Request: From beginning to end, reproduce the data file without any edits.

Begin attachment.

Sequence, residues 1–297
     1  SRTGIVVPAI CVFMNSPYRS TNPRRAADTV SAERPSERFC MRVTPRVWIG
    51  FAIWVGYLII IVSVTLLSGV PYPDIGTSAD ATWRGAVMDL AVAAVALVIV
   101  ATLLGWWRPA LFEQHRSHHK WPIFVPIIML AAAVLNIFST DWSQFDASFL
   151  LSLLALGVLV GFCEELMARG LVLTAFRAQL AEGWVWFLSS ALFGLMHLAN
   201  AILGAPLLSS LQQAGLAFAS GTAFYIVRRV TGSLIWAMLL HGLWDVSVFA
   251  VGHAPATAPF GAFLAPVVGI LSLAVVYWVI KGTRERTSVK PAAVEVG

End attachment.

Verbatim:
Sequence, residues 1–297
     1  SRTGIVVPAI CVFMNSPYRS TNPRRAADTV SAERPSERFC MRVTPRVWIG
    51  FAIWVGYLII IVSVTLLSGV PYPDIGTSAD ATWRGAVMDL AVAAVALVIV
   101  ATLLGWWRPA LFEQHRSHHK WPIFVPIIML AAAVLNIFST DWSQFDASFL
   151  LSLLALGVLV GFCEELMARG LVLTAFRAQL AEGWVWFLSS ALFGLMHLAN
   201  AILGAPLLSS LQQAGLAFAS GTAFYIVRRV TGSLIWAMLL HGLWDVSVFA
   251  VGHAPATAPF GAFLAPVVGI LSLAVVYWVI KGTRERTSVK PAAVEVG